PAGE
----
A Mercenary can be defined as a soldier who fights for money rather than for a cause or out of legal or moral obligation to his country. Professional mercenaries have existed for as long as warfare itself and examples good and bad can be found throughout history from the Genoese crossbowmen at Crecy to modern mercenary companies such 'Sandline International' or 'Executive Outcomes' operating in Africa. Throughout history mercenaries have had a bad reputation as being looked down upon by professional soldiers as being hired help of doubtful loyalty who will disappear at the first sign of serious opposition. Machiavelli wrote at length warning rulers of the danger of using mercenaries during the Italian Wars. The modern mercenary is regarded unofficially by many governments as a necessary evil, who is more frequently hired to train local troops than hired to actually do any fighting. This role of mercenary as military advisor means that the most sought after mercenaries are those with previous experience in UK, US or South African Armed Forces. In Modern Africa large well equipped mercenary companies such as Executive Outcomes have virtually taken over the country they were hired to protect focusing on running profitable enterprises such as diamond mining in Sierra Leone thus representing a threat to democracy.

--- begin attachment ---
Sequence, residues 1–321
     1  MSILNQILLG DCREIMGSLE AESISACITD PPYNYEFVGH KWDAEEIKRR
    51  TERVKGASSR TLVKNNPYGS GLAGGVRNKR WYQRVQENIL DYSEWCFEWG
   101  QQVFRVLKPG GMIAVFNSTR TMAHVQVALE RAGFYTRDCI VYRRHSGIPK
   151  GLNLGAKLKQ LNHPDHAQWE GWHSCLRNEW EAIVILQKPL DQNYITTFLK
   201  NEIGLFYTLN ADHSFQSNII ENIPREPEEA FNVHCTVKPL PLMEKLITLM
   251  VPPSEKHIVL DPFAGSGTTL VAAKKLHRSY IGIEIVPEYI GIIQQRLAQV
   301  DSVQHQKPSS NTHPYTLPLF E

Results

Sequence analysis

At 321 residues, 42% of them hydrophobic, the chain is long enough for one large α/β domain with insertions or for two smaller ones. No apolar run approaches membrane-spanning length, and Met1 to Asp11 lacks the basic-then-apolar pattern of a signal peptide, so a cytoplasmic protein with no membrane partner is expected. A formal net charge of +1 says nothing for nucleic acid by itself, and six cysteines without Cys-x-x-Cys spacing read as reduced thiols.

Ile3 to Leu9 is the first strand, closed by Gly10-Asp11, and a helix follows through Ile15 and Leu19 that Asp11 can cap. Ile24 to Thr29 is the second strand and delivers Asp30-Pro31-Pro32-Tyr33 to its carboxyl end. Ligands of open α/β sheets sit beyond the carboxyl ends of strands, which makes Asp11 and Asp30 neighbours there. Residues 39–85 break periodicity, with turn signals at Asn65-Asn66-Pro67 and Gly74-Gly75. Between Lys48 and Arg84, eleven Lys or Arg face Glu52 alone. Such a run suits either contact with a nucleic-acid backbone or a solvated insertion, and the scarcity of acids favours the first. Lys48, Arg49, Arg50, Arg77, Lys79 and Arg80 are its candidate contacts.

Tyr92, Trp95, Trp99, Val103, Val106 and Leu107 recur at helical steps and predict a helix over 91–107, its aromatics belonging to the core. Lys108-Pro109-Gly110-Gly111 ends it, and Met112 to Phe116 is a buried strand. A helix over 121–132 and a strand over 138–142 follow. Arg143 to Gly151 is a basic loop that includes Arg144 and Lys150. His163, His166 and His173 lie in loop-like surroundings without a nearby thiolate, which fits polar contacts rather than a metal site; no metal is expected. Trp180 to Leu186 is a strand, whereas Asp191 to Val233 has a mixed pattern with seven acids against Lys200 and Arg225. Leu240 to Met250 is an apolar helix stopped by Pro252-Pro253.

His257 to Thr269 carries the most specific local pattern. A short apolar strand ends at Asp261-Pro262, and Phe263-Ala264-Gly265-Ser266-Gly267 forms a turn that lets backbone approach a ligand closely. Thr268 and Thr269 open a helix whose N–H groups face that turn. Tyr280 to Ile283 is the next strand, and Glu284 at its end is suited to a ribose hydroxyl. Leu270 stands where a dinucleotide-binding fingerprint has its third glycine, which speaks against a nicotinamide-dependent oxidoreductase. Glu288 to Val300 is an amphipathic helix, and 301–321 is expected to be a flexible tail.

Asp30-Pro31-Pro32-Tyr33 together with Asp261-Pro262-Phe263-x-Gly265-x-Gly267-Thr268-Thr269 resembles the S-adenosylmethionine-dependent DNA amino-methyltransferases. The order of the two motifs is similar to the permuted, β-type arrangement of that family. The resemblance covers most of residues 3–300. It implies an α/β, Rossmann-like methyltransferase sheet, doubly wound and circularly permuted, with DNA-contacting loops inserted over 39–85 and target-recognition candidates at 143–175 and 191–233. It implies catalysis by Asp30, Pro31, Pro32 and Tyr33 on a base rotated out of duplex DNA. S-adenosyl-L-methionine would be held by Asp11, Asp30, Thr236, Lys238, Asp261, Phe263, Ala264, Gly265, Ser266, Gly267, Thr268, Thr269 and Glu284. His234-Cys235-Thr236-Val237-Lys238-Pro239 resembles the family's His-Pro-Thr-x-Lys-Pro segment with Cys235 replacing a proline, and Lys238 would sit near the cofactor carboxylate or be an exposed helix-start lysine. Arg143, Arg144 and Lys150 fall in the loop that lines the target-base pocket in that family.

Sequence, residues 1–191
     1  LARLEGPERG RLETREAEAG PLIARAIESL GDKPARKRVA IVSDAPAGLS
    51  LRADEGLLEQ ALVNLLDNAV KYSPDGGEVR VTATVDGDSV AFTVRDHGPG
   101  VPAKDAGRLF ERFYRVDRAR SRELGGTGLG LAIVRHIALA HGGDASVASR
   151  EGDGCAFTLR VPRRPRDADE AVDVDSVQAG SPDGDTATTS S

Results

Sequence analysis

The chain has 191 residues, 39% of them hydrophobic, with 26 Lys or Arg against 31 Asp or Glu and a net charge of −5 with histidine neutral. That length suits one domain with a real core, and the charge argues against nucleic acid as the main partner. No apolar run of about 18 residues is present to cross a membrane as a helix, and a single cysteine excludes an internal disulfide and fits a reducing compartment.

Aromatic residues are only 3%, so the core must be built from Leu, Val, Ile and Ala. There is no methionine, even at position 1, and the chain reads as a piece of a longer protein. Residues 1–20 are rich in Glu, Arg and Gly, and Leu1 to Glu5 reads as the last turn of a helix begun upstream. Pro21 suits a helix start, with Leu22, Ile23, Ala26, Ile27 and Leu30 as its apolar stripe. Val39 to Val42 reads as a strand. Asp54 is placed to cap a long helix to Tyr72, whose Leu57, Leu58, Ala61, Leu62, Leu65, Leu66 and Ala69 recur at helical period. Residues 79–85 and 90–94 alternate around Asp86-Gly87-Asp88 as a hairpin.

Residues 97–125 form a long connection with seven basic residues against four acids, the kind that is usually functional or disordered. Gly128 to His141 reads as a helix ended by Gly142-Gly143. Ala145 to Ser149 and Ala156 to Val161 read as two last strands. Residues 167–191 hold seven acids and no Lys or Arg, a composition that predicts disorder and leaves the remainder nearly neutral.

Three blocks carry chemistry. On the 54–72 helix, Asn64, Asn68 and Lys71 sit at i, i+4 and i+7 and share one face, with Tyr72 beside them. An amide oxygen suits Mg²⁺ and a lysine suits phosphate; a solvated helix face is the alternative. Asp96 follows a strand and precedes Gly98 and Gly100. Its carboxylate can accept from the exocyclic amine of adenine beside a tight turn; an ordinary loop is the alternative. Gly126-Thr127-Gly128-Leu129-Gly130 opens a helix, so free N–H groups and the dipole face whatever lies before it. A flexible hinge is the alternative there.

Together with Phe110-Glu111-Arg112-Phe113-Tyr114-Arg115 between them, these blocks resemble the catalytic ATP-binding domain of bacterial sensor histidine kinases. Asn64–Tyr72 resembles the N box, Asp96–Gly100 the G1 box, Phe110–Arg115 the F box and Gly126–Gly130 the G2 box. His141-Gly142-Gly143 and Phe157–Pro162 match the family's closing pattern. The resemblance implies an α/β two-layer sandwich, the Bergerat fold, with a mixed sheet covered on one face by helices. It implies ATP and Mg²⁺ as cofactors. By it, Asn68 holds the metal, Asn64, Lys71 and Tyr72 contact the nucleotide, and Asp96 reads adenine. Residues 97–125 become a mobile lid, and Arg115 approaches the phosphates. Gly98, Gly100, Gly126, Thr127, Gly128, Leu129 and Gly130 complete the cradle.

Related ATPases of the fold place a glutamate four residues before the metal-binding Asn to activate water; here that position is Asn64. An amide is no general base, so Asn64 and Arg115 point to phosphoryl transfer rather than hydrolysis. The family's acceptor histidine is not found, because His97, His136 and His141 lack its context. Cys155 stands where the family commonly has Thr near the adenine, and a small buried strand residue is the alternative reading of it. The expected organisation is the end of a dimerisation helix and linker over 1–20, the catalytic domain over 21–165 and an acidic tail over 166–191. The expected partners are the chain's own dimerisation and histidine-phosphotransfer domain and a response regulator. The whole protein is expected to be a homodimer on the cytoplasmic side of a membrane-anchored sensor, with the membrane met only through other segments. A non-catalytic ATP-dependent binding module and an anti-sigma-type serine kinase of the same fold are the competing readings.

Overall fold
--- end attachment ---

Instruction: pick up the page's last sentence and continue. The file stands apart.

Attitudes to modern mercenaries may be changing as we enter the 21st century. Many regard the international troops used in UN operations as a type of mercenary and in the unlikely event of the UN ever gaining its own permanent forces a formal, mercenary force would be the most likely option. With many forms of local instability requiring international military action but with the thought of risking the lives of young servicemen still unpopular politically the heyday of the mercenary company maybe about to return. Already the UK government has suggested legalising mercenary companies and regulating them to make them a potential tool of foreign policy were risking British forces lives is deemed too hazardous or politically harmful. Despite this military and public opinion still has a poor view of the modern mercenary and changing this will take more than legislation.

How to cite this article: Dugdale-Pointon, T. (28 September 2002), Mercenaries,

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